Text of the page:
Iran could get a bomb within a year. We already know it worked on a 10-kiloton bomb design. As for enriching weapons-grade uranium, Tehran could likely revamp its existing fleet of centrifuges to produce enough for its first bomb in eight to 10 months.

Then, there is the unspoken option of culling plutonium from spent fuel generated from its power reactor at Bushehr. Assuming Iran currently lacks a small, crude chemical separation plant (which could be hidden within a moderate sized warehouse), Tehran could build one from scratch in as little as six months. (The design for such a plant was made public 40 years ago.) Such a plant could process one bomb’s worth of plutonium in about a week and a bomb’s worth per day after that. Given Tehran’s past work on weapons design, it’s reasonable to assume that Iran would have a working implosion device on the ready and could prepare plutonium or highly enriched uranium to place into the device’s core relatively quickly.

Recent analysis also shows that even if Iran used “reactor-grade plutonium” from its power reactor at Bushehr, it could produce a compact  9- to 12-kiloton weapon, (which would accord with Iran’s earlier effort to perfect a 10-kiloton missile warhead) ) using 1950s weapons technology. If Iran unloaded Bushehr’s fuel before it was fully burned, as it did in 2012, it could build even more powerful weapons still.

Tehran, though, is unlikely to sprint toward such bomb options if for no other reason than that Trump has warned it against doing so; the mullahs know that a rush to build a bomb could lead to U.S. military strikes. Iran also would like to keep China, Russia, Britain, and the European Union on its good side. Getting a bomb or rushing to build one would risk all this.

Iranian nuclear or military provocations could prompt Riyadh to develop a nuclear weapons capability as a hedge.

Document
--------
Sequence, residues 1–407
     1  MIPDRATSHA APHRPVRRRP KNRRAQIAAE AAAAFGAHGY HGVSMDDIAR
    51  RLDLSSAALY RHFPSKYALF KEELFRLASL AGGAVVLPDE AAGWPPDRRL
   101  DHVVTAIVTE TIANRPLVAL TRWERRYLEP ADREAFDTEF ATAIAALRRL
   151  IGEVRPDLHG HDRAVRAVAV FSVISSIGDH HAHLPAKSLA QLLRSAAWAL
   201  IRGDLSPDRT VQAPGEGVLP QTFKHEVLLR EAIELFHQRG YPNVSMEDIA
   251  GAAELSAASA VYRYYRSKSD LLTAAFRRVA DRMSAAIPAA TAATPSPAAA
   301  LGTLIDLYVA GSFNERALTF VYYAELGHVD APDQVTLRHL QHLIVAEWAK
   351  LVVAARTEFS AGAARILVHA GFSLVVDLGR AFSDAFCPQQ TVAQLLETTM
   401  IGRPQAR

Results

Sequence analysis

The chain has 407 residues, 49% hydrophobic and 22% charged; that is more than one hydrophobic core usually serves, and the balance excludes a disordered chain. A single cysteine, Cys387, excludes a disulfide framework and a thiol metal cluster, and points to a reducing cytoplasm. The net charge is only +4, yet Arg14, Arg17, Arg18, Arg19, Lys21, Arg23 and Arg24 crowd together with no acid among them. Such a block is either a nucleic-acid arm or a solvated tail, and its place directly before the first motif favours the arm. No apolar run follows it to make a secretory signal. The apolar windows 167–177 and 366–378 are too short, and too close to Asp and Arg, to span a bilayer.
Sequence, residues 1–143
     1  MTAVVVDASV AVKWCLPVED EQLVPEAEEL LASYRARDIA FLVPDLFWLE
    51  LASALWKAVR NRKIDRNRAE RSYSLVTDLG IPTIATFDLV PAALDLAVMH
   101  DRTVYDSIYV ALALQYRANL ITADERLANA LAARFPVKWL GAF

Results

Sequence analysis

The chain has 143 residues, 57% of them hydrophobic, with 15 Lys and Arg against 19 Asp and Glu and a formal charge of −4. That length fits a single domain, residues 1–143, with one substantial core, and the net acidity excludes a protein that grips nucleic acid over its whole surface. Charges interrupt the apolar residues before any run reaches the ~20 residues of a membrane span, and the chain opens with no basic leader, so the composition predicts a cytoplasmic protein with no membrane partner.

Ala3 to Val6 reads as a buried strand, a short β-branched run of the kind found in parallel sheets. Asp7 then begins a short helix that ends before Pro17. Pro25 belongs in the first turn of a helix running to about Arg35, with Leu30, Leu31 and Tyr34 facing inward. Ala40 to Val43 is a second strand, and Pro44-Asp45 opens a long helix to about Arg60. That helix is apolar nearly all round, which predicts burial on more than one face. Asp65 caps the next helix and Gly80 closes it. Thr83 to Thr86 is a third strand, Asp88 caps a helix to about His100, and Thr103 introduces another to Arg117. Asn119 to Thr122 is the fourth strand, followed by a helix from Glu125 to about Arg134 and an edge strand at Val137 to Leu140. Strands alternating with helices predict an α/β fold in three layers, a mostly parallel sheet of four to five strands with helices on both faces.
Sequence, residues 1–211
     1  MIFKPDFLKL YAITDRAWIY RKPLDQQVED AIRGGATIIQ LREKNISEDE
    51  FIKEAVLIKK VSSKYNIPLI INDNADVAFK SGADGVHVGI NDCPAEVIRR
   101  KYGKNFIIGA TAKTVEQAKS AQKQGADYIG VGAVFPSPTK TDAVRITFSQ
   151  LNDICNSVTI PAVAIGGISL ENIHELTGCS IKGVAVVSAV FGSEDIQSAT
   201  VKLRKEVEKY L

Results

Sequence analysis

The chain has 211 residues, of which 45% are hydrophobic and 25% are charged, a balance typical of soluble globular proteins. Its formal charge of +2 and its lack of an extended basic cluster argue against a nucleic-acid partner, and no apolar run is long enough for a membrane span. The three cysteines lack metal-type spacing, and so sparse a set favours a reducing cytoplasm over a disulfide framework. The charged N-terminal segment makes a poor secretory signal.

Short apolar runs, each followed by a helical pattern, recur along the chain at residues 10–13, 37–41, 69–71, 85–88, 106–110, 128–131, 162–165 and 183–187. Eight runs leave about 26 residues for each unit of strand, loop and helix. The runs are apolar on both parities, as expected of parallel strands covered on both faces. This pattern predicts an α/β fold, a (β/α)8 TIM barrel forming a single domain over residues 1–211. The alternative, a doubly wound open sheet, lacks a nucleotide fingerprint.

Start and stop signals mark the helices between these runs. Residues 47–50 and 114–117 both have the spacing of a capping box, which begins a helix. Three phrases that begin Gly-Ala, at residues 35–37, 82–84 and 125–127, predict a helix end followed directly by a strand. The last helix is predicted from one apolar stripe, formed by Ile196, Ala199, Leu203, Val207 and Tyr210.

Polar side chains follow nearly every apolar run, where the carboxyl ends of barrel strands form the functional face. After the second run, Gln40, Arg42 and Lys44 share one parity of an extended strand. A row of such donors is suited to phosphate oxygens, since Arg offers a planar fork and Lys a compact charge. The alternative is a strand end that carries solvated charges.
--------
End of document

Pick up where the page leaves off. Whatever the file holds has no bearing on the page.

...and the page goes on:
Iranian nuclear or military provocations could prompt Riyadh to develop a nuclear weapons capability as a hedge.

Indeed, Saudi Crown Prince Mohammed bin Salman and Foreign Minister Adel al-Jubeir both are on record saying that if Iran acquires a nuclear weapons capability, Saudi Arabia will do whatever it takes to “do the same.” This could mean a number of things.

Iranian nuclear or military provocations could prompt Riyadh to develop a nuclear weapons capability as a hedge.

Riyadh could call on China, which sold the Saudis nuclear-capable missiles, or Pakistan, whose bomb program the Saudis funded, to base their nuclear weapons on Saudi soil. China and Pakistan could do this legally under the Nuclear Nonproliferation Treaty so long as the nuclear weapons remained under Chinese or Pakistani control.

The Saudis, however, would surely prefer to maintain control themselves, which gives rise to the possibility of China or Pakistan helping Riyadh acquire the means to enrich its own uranium. This could be done by sharing information that would allow the Saudis to get the parts and plans needed to complete a plant of their own.

Based on an analysis of past centrifuge enrichment programs, the Saudis might perfect a plant in one to three years and produce their first bomb’s worth of uranium a year or so later at a cost of only tens of millions of dollars. As for perfecting a nuclear weapons design, this would likely be accomplished in parallel as has been done in nearly every other bomb program.

Alternatively, Riyadh might buy a 1,000-megawatt reactor from one of the major nuclear suppliers — the Korea Electric Power Corporation, Westinghouse, EDF, Rosatom, or China — bring it online; build a crude, small reprocessing plant; and separate plutonium from the reactor’s spent fuel. Judging from the recent nuclear experience of the United Arab Emirates, completing a large power reactor might take roughly a decade. If the Saudis made good on their promise to build a smaller South Korean-designed 100-megawatt electrical power reactor and decided to construct a small reprocessing plant, Riyadh could conceivably have its first batch of plutonium for use in weapons in as little as five years.

The worry, then, would be that others might follow. Egypt has long operated a large Argentine-designed research reactor capable of producing more than a bomb’s worth of plutonium each year and has tinkered with reprocessing. Both Turkey and Egypt have begun construction of several large, Russian-built VVER pressurized-water reactors. Turkey is also developing a series of indigenous nuclear-capable ballistic missiles.